"Lui ci ha portate allo zoo."
Translation:He has taken us to the zoo.
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Ooh, ooh, I just learned the answer to this one, so I'm happy to share the love. That you noticed that indicates that you have a good eye.
"When preceded by avere, participle does not change in gender and number except when the direct object pronoun (what substitutes la torta or le rane) moves behind the auxiliary."
In this case, the speaker is one of a group of women, and since there is a "ci" particle appearing before the "ha", the participle matches the gender and number of the direct object (in this case, although it doesn't actually appear, that would be ragazze or donne).
See this answer for a longer and probably more accurate explanation: http://duolingo.com/#/comment/271063
So actually the pronoun "ci" is substituting for "noi ragazze," not actually a general "we" like we think in English, where it only can be a neutral word, or where there is no such thing as altering verbs to accommodate gender/ number.
I think that if it were referring to a group of people of mixed gender or males, it would have to be Lui ci ha portati allo zoo.
Yes this is my understanding as well. It is not the pronoun lui that the past participle must agree with when avere is preceded, but the direct object ci. It makes sense that the Italian language gives a clue to the listener so they understand in this case that "us" refers to a group of girls. "Ha" then is also illuminated by including lui. We often lose our way in these situations and such assists are welcome, if we just learn to parse them out.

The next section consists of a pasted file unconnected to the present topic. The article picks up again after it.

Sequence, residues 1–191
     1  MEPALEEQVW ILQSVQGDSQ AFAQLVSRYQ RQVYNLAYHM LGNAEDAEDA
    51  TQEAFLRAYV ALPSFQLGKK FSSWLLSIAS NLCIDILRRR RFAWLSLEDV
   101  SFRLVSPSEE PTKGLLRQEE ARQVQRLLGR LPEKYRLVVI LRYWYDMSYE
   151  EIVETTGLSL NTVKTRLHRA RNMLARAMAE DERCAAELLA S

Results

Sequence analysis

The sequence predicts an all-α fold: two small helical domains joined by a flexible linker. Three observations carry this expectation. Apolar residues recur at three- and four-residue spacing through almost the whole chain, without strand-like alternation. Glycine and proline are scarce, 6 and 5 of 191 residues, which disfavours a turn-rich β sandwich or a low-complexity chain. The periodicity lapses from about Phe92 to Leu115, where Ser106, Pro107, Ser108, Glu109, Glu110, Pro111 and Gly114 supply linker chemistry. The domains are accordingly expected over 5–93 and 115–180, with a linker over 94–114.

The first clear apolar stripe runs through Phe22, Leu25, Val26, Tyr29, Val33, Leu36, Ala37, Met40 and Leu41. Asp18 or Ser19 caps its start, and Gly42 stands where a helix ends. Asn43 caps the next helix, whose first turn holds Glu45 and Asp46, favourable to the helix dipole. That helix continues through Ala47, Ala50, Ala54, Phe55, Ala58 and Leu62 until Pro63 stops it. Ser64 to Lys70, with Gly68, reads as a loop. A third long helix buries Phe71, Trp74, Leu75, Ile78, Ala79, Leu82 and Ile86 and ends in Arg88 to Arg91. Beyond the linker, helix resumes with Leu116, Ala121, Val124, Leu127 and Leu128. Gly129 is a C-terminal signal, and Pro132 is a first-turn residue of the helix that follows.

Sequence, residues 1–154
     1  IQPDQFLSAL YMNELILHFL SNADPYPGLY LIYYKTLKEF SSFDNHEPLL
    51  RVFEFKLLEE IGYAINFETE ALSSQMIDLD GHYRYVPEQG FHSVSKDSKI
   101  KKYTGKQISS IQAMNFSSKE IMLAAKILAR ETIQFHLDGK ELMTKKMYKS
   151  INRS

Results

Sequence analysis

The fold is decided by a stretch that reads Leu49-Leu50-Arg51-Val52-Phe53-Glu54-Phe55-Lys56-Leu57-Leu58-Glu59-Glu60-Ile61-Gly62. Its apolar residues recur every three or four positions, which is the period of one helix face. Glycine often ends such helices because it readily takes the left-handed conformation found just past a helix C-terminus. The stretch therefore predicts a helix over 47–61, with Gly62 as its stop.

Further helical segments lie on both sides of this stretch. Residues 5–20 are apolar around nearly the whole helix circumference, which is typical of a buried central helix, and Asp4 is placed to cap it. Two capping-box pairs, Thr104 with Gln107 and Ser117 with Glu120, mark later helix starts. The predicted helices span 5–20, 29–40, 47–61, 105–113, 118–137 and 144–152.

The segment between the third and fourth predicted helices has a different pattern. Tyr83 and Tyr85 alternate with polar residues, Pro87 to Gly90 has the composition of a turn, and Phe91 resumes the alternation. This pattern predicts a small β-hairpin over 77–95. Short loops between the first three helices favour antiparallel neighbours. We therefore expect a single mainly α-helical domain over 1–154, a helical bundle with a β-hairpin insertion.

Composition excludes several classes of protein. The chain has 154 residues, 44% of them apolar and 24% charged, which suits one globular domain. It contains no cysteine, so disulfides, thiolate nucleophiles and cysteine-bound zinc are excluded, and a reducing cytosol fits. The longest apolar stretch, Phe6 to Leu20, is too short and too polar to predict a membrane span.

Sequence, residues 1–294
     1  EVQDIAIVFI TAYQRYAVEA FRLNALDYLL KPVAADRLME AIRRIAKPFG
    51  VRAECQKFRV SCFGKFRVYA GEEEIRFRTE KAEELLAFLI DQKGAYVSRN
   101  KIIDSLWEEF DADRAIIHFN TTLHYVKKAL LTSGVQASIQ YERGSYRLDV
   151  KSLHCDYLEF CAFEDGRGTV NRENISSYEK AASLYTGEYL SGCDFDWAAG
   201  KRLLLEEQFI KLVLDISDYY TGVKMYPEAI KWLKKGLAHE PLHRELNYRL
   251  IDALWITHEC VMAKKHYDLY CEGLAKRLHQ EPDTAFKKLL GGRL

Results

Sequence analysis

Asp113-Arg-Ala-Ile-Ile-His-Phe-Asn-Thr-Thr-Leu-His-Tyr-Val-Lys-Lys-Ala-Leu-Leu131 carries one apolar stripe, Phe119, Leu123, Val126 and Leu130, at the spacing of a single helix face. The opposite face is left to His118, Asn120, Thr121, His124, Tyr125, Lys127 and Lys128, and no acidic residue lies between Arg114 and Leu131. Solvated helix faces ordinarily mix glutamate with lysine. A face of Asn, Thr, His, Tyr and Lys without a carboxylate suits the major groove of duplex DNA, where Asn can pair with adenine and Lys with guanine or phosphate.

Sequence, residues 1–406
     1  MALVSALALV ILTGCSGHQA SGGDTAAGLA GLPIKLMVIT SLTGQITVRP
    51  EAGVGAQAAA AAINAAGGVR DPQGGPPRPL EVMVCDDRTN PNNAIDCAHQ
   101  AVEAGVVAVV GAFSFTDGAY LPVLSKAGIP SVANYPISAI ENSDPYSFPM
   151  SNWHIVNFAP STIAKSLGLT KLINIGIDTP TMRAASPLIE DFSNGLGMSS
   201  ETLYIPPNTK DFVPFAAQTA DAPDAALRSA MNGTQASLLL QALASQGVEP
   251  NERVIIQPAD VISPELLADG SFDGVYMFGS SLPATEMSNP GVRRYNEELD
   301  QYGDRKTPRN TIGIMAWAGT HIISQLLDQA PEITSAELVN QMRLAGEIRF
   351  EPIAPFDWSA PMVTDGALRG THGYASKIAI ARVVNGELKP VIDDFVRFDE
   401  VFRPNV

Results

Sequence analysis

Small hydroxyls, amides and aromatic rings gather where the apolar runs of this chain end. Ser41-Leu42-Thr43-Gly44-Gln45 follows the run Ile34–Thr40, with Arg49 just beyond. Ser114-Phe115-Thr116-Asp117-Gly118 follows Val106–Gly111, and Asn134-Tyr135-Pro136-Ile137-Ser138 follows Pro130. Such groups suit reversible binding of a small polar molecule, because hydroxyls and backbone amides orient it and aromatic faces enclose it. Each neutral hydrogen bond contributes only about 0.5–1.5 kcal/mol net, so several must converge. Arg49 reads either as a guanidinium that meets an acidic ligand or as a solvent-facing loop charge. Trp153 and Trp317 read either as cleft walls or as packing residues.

English has its issues too in this regard. In English we might say the following: he took us to the zoo and then we went to the park. Who is included in the trip to the park? In Italian it would be obvious for the Duolingo example given further above. If he came along with the female group then the next participle would end in "i." If not, "e."
Just to add on to the discussion a bit, when the direct object pronouns lo, la, l', li, and le directly precede the transitive verb (a verb conjugated with avere) in the present perfect, the agreement of the past participle (in gender and number) with the pronoun is mandatory.
However, if the verb is directly preceded by mi, ti, ci, or vi, for example, as in this case, the agreement is completely optional. Thus, this sentence could also have been written "Lui ci ha portatO allo zoo." This gives you some options. :D Hope this helps!
If the location indicates the end destination of the motion action (the place people are moving to/toward), we use the verb portare. In English, we can translate these sentences with the verb “to take”. For example:
- Domani mattina ti porto alla stazione.
I’m taking you to the station tomorrow morning.
- Maria mi ha chiesto se la posso portare a scuola.
Maria asked me if I can take her to school.
- Ti posso portare a casa.
I can take you home.
If the location indicates the origin of the motion action (the place people are moving from), we use the verb prendere. In English, we can translate these sentences with the verb “to get”. For example:
- Chi ti viene a prendere all’aeroporto?
Who is coming to get you at the airport?
- A che ora devi andare a prendere tua figlia a scuola?
What time do you have to go get your daughter at school?
- A che ora ti vengo a prendere a casa domani mattina?
What time should I come and get you (from your house) tomorrow?
"Verbs of movement" is an easy-to-understand way of explaining which verbs take "avere" and which take "essere", however is not a 100% accurate method.
Transitive verbs (verbs capable of taking a direct object) take "avere".
Intransitive verbs (verbs incapable of taking a direct object, so often verbs of motion like "go") take "essere".
Since "portare" can take a direct object, it takes "avere".